Ode to Phyllis: Happy are they who live and die enjoying what they love
And here the precious dust is layd;
Whose purely temper’d Clay was made
So fine, that it the guest betray’d.
Else the soule grew so fast within,
It broke the outward shell of sinne,
And so was hatch’d a Cherubin.
Many of you may know that I recently moved, but maybe not that I’m living in the same neighborhood or that I’ve been here for the last 12 years. I’d gotten to know a few of my neighbors who were more settled than the mostly transient population of our village. Of those I knew by name, I’ve admired Phyllis a great deal.
Phyllis had created a fairy kingdom of a home, a loving project that spanned a half century or so. Her cottage looks like something from the English countryside. She tended a rare and unique moss in her yard. Her graceful trees sheltered choruses of birds making nests and heralding the passing hours, night and day. Her roof was thatch shingled, and I often swore I’d just seen what had to have been elves or pixies peeking about the rocks or bushes.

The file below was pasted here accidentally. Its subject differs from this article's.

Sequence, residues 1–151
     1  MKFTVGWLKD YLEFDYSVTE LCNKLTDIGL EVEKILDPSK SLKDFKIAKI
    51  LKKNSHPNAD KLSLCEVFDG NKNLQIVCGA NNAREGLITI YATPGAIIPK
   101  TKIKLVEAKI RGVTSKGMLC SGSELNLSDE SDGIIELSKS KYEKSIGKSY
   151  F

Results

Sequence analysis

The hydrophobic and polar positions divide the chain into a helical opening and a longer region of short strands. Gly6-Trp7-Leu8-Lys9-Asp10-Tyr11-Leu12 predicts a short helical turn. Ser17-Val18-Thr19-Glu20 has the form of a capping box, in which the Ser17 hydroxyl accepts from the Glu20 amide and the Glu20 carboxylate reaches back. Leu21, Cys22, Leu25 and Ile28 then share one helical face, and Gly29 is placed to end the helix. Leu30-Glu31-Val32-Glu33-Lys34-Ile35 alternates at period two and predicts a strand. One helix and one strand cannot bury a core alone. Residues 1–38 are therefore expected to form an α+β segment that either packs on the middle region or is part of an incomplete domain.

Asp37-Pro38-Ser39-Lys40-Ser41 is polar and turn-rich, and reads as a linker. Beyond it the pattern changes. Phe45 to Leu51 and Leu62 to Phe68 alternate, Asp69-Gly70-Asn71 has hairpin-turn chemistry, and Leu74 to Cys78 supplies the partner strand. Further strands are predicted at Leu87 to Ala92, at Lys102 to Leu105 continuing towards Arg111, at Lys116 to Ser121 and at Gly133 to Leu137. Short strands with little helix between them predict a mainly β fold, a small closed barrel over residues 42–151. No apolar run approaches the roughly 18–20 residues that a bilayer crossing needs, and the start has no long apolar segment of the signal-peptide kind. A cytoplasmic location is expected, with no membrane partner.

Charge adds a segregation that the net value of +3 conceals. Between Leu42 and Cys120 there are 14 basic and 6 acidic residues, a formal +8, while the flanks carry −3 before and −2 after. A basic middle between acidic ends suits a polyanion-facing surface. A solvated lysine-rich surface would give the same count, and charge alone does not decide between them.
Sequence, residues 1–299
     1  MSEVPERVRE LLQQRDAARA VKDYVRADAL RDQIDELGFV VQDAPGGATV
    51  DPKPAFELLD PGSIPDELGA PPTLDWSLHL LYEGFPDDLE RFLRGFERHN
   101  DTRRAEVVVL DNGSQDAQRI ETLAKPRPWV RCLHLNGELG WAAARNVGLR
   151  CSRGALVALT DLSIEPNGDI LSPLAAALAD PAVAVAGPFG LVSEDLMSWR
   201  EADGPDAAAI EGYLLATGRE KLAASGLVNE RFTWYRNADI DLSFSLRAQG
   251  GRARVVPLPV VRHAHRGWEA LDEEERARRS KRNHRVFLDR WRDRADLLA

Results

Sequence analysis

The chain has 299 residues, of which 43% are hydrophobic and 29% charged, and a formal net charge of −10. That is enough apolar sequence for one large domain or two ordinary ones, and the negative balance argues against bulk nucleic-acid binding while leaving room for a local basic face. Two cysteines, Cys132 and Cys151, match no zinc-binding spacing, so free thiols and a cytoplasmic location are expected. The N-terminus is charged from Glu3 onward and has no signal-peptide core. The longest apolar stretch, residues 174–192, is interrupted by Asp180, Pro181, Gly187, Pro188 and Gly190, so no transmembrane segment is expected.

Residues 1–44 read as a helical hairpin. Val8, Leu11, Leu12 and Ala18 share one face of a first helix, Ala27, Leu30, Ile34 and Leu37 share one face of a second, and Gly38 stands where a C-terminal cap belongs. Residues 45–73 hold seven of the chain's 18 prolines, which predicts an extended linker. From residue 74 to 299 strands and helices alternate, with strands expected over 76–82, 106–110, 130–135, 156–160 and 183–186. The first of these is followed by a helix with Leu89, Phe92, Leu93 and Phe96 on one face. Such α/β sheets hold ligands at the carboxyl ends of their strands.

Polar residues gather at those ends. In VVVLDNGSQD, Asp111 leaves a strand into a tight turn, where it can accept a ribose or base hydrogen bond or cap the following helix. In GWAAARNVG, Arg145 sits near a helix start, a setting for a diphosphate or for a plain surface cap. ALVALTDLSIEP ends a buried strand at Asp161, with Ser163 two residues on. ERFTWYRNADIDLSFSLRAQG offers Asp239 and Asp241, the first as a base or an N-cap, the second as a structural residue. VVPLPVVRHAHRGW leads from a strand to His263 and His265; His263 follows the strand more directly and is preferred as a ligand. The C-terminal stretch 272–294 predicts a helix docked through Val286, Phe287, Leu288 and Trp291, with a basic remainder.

And so over the years Phyllis and I would exchange greetings, passing each other coming and going on our morning walks — she always walking more briskly, though I am not known to stroll. Or I’d stop to say hello and admire her handiwork while she gardened, which was almost all the time.
One day, instead of Phyllis, I saw a stranger watering the lawn. I stopped to inquire about my neighbor, for never have I seen another tending her lawn. I learned that it was a friend; it was she who had worried when her ring went unanswered, and it was her lot to find Phyllis out back where she’d been tending her secret garden. Phyllis was 90.
Her passing naturally affects me. It makes me wonder too. How many of us choose to really live, each active and happy in our own garden of life? How many times have we passed on the joys of the moment, choosing instead to put them off for a more ‘appropriate’ time?
I was privileged to have known Phyllis, who always inspired me. Not with her words. She wasn’t much for conversation. But she taught through the magic she created in our neighborhood. And she always struck me, not as someone who lived to die. No, her legacy was loving life enough to have died, truly living.
Meaning of life